Surf: When is Enough, Enough? - The Fisherman

Surf: When is Enough, Enough?

Surf Enough
Catching schoolies can be a blast, but there is no need to over-do it.

Walk away, and you will benefit from challenging yourself, and future generations will benefit from having more fish to catch.

The fish are everywhere! There is the constant sound of splashing predators, and even some full breaches as schoolies energetically launch themselves at bait. I see rippling corduroy water right in front of me, signifying peanut bunker being pushed to the surface by the hungry fish. Herons have surrounded me on both sides, and there are gulls circling in the dark and diving into the huge mass of prey. While the night may be still, the water is a writhing mass of life; something right out of a National Geographic nature special.

Yet, I can’t get a hit. I have been casting every fly I have in my case to no avail. It’s been well over an hour, and I’m losing my mind with frustration. My teeth are locked in a tight grimace, I’m beat red, and I’m muttering profanity under my breath. All this bait, all these fish, right at my feet – and I can’t even get a hit! Finally, I dig around in the mess that is my fly box and find a small curly-tailed wooly-bugger. In desperation, I put it on. Three casts later, and I’m finally tight to a moderately sized schoolie! From there on out, it’s a fish on or landed every 10 or so minutes for another three hours – but only if I meticulously control my drift and stay focused. Even a small deviation and the fly gets ignored. Ultimately I rack up a tally of 23 fish before I eventually break off the small fly.

Consider this above scenario. While the fish were small, they took a long time to figure out how to catch, and were finicky. I had to work on my presentation and fly selection for over an hour before I could even get a hit. From there on out, it still wasn’t a fish on every cast, and I had to stay extremely focused and present the fly in just the right way to hook-up. Yes, I ended up catching a lot of fish over a couple of hours, but it certainly wasn’t easy.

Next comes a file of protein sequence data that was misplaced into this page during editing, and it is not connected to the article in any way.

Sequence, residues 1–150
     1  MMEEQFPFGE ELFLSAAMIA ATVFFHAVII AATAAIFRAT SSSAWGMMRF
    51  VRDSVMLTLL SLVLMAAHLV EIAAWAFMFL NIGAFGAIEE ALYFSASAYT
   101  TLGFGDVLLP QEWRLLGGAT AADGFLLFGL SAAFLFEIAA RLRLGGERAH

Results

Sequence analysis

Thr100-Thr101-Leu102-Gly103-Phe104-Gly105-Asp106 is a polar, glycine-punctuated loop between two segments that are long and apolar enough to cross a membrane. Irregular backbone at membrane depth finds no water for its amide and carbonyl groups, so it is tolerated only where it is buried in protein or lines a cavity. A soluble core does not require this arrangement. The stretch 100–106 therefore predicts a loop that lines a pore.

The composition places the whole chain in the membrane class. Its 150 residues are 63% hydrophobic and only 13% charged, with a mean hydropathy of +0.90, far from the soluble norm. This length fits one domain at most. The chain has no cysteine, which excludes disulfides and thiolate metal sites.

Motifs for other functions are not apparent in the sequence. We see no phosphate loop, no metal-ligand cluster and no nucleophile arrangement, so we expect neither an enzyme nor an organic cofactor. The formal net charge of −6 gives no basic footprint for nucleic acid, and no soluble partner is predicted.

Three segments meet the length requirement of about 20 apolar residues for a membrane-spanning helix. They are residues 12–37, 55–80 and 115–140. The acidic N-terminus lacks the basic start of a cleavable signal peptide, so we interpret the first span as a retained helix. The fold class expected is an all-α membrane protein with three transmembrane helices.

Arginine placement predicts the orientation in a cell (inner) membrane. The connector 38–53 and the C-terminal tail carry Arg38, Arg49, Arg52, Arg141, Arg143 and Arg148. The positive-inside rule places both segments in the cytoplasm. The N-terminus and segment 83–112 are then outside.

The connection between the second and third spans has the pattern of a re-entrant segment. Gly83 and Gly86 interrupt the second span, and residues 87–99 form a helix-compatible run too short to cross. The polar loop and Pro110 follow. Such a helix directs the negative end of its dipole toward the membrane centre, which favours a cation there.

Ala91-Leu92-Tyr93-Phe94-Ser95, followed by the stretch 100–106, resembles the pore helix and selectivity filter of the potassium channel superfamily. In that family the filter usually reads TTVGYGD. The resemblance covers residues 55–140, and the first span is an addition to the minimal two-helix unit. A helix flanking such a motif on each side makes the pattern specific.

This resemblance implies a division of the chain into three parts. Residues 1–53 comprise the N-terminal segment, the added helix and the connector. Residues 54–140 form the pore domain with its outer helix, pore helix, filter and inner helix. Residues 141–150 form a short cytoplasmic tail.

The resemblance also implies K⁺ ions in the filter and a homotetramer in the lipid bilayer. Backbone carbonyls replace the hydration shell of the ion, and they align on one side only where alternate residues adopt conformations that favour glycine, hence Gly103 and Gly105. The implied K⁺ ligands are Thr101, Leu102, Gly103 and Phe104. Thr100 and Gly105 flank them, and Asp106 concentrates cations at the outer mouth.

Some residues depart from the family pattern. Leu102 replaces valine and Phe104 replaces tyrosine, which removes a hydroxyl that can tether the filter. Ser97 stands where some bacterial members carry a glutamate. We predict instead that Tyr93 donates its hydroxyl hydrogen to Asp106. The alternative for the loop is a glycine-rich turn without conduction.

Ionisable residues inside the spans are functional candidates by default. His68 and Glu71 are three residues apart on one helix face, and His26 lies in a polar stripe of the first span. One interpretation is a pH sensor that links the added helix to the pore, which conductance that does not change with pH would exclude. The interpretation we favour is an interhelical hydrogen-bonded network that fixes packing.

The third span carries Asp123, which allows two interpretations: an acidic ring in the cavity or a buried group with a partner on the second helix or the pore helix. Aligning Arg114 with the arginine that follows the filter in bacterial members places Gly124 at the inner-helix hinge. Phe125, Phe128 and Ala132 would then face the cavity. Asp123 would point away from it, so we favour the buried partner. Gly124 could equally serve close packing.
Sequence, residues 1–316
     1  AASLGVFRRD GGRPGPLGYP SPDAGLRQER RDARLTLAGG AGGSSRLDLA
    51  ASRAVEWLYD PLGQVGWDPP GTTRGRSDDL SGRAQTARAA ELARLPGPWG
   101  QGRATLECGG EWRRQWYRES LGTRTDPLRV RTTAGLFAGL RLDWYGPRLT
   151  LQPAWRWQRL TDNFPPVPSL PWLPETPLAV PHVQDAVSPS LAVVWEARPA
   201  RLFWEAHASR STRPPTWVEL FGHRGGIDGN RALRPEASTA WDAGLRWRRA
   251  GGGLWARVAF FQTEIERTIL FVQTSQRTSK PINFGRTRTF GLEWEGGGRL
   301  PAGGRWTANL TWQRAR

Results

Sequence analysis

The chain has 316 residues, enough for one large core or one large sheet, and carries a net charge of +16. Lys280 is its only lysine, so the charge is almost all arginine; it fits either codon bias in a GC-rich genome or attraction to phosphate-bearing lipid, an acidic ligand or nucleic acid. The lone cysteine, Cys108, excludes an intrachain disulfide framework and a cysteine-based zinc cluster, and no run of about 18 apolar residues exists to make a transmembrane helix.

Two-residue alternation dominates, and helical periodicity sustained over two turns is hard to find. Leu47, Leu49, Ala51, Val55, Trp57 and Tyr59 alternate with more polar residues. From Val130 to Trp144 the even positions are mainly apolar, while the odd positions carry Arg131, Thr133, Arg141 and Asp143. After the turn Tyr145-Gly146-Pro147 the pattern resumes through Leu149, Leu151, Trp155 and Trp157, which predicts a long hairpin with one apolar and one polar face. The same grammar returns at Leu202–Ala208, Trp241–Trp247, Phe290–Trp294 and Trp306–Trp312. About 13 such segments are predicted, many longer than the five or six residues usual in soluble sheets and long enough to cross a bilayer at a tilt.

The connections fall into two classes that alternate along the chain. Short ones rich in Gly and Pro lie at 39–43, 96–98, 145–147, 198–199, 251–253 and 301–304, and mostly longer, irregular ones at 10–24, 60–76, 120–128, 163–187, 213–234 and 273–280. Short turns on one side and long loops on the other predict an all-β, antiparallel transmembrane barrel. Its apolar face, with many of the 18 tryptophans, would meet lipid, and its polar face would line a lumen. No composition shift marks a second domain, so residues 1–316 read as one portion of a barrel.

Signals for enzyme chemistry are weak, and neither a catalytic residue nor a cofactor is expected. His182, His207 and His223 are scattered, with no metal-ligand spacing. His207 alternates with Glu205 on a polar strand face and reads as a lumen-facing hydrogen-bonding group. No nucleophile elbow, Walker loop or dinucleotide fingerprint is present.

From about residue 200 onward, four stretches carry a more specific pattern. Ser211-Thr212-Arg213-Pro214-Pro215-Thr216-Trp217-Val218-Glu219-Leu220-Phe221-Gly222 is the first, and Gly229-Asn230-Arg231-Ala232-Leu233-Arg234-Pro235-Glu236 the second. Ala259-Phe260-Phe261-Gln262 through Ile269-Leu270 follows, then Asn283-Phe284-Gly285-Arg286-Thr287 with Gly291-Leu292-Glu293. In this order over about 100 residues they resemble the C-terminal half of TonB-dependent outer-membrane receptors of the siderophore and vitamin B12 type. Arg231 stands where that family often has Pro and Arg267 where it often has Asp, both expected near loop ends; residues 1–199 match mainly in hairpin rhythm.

Now, let me offer another scenario. I walk down to the water and stumble upon the same situation except this time, I get a fish on my very first cast with a popper. Next cast, same result. It’s one of those mornings where I could probably cast out a bare hook and they’d inhale it. In about a half hour, I’ve already also landed 23 fish. I could stand there and probably catch 80 in a couple hours, but should I?

This is a question we all will have to answer on our own. Personally, I fully admit I have engaged in several nights catching 40, 50, or even over 70 fish in a single tide. I am “guilty” of getting pulled into wanting to “rack up” some numbers. Therefore, I am not shaming or lecturing you on this point, particularly if you’ve never had the opportunity to fish a hot bite. However, with the fishery currently experiencing over fishing and a decline in total population, we all need to face ourselves in the mirror and ask what we are willing to do, to do our part to protect this fishery.

What I am proposing here, is try to walk away from schoolie stripers that are easy to catch. This is a simple way to cut down on our impact on the fishery. If you are on your 26th fish on a pencil popper in 30 casts, perhaps it’s time to move on, or try something else. For example, try putting on a bucktail and seeing if you can catch them that way. It can be fun to see if you can catch fish in as many ways as possible, particularly if the action is blistering. Or, perhaps even better, move to another area and see if you can find some bigger fish. The point is, catching schoolie after schoolie with virtually no effort isn’t teaching you anything, it takes no effort, and it’s frankly bad for the fishery so it should be avoided.

However, if you’re on a finicky bite of schoolies that took you an hour to “figure out,” and are now having to focus hard to keep the catch rate going, and then ultimately catch 25 in four hours of fishing, maybe that’s okay. Just treat the fish with respect, release them quickly, and crimp your barbs. True, the line here is very blurry and arbitrary, but my point is that an easy way to be personally accountable is to walk away when the fishing is easy. For the most part, catching schoolies is just that easy. Push yourself to walk away, and you will benefit from challenging yourself, and future generations will benefit from having more fish to catch.



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